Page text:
Google Drive’s Best Kept Secret
As I was planning out our Innovation Lab, I knew I wanted my kids to experience the digital arts. Video, photo, and audio editing are important skills our kids should be familiar with. I also know that for the Innovation Lab to remain viable for years to come, I have to keep the cost down; if it’s free, it’s for me.
For photo editing, I knew about GIMP, a free photo editing program similar to Photoshop, and the web-based Pixlr which is even built into Drive (go to Drive, then New, More, Connect more apps, Pixlr). For video editing, the awesome folks a Tech Smith donated Camtasia. It was the audio piece that was tough. I knew I wanted to teach audio editing through podcasting and I knew Audacity was the best, free audio editing program out there. The one area I wasn’t sure how to do for free was the hosting of the podcasts. I didn’t want to pay for a server to host my kids podcasts, so I started to do some research and that’s when I found out Google Drive’s best kept secret: you can turn a Google Drive folder into a makeshift server!
I did some research and stumbled across some old articles announcing that Google was allowing designers to publish websites, CSS, and Java Script through Google Drive using their googledrive.com/host/ID feature. I found the support page that explained the process and read other people were having success hosting all types of files, not just websites, using this method, so I thought I would try to host my kids podcasts this way. It has been working great, so I wanted to share the process.
Here is how you can host your classroom podcasts for free through Google Drive:
- Create a folder in Google Drive to put your podcasts in. Set this folder to the public on the web – can view shared setting. Call the folder whatever you want, viewers will not be able to see the folder name.
- Upload a podcast into this folder. It should either be a .wav or .mp3. Viewers will be able to see the podcast name.
- Get the folder ID from the folder’s URL.
- Your URL will look like this. The bold part is the folder ID. https://drive.google.com/drive/u/0/folders/0B5wgRxIHJdv3X2JQVEJZbmxrRGM
- Type www.googledrive.com/host/ into the address bar and then paste the folder ID at the end, after the /host/, and hit enter. After hitting enter, I suggest you bookmark this new URL.
- Prior to hitting enter, the URL should look similar to this: www.googledrive.com/host/0B5wgRxIHJdv3X2JQVEJZbmxrRGM
- When you visit this new URL, you should see the podcast you put in the folder. Click on it. You know you’ve done it right if the podcast starts playing automatically and the URL of the podcast you’ve clicked on ends in .wav or .mp3. This is the link you will share when you want someone to listen to your podcasts.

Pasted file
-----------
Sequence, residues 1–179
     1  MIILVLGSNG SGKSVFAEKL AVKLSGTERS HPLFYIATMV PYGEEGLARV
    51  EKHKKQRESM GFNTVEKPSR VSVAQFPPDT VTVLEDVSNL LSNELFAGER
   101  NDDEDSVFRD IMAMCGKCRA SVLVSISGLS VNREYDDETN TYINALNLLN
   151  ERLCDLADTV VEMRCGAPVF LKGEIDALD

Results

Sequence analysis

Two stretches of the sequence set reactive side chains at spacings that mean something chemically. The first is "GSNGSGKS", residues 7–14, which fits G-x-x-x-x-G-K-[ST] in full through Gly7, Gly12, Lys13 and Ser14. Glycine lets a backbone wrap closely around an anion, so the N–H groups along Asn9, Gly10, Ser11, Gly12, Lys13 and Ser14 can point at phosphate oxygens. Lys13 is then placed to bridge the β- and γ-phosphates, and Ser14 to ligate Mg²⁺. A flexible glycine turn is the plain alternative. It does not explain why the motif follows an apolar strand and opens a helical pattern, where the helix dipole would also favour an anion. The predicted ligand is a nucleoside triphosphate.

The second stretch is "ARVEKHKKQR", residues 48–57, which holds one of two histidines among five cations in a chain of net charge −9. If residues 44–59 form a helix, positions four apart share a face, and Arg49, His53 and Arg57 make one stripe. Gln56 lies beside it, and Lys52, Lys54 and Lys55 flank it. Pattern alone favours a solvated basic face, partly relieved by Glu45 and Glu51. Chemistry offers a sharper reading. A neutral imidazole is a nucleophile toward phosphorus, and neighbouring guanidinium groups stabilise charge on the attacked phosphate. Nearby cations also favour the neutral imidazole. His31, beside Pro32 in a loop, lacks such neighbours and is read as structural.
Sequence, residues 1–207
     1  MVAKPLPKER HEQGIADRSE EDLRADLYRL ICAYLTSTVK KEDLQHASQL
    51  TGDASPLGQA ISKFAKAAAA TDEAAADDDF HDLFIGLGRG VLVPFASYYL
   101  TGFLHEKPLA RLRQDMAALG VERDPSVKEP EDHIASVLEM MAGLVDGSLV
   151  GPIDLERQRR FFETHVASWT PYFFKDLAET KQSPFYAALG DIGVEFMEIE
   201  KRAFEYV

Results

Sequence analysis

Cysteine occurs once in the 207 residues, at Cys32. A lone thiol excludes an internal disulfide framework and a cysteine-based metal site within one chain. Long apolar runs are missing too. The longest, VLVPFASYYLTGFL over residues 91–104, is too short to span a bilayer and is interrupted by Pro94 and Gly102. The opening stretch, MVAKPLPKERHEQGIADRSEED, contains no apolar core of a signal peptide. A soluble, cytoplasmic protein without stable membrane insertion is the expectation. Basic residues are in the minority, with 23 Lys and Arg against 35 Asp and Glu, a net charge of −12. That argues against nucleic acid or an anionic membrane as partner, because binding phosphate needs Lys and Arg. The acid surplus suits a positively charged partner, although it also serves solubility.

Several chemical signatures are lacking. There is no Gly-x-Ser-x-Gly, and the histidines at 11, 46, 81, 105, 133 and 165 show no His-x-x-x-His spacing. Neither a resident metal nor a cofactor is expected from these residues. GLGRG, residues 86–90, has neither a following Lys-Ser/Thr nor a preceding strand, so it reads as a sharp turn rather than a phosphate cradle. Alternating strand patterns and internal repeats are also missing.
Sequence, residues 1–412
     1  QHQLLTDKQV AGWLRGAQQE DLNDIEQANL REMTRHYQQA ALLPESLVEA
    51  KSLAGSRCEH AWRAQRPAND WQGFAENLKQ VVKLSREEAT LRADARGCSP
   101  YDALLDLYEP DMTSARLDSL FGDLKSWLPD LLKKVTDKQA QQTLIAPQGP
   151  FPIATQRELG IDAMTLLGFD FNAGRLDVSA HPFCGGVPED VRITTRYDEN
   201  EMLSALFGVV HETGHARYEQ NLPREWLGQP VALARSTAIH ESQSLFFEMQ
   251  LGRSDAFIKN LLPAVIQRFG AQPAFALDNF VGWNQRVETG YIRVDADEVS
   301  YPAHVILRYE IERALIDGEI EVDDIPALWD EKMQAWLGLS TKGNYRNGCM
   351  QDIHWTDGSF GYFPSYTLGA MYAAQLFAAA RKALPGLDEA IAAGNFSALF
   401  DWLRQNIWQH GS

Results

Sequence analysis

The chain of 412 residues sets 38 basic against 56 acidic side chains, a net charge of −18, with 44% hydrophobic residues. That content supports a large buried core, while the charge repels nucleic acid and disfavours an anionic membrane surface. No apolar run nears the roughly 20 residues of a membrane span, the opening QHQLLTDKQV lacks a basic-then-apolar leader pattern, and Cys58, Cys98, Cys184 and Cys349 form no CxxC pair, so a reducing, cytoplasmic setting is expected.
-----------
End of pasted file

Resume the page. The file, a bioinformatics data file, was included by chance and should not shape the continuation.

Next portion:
- You can stop here if you just want to give out the URLs to podcasts, but if you want a place to share all your podcasts like I did, create a Blogger. You can see ours here.
- Once your Blogger is setup, create a new post and click on the button that says HTML and paste this code in:
<source src="Paste the URL of the Podcast within these quotation marks" type="audio/mpeg"></source>
Your browser does not support the audio element.
When you click back on the compose button, if you did it right, you should see an audio player. When you click on the audio player, you should hear your podcast. Click on Publish so the world can hear your podcasts!
Done! There it is, free podcasting in the classroom!
Keep adding podcasts to the Google Folder and grabbing the podcast URL from the /host/ URL you bookmarked and share it through Blogger.
You can let students create their own folder of podcasts and Bloggers, or you can have a class one like I do. Students share their podcasts with me, I make a copy or drop drag them into the podcast folder. I post each podcast for my kids, but you can also add students as editors to the class Blogger and let them post it on their own. Either way works.
As it says on the Google support page, this also works for websites. This is a great way to host student built websites and share them out.
As it also says on the support page, this feature is coming to an end on August 31, 2016, so enjoy it while it lasts. It seems the pay-to-use Google Cloud Platform will take the place of this feature. Cloud Platform seems like it will be good and cheaper than the best price I could find for podcast hosting, eight bucks a month, but I’ll be on the hunt for a way to keep podcasting free after August.